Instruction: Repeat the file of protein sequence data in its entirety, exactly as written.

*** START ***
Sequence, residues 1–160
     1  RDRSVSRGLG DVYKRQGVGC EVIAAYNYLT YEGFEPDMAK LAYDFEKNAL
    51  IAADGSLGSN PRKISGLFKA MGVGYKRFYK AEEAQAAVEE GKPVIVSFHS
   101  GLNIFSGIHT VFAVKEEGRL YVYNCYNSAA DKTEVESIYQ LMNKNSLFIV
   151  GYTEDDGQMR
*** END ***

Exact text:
Sequence, residues 1–160
     1  RDRSVSRGLG DVYKRQGVGC EVIAAYNYLT YEGFEPDMAK LAYDFEKNAL
    51  IAADGSLGSN PRKISGLFKA MGVGYKRFYK AEEAQAAVEE GKPVIVSFHS
   101  GLNIFSGIHT VFAVKEEGRL YVYNCYNSAA DKTEVESIYQ LMNKNSLFIV
   151  GYTEDDGQMR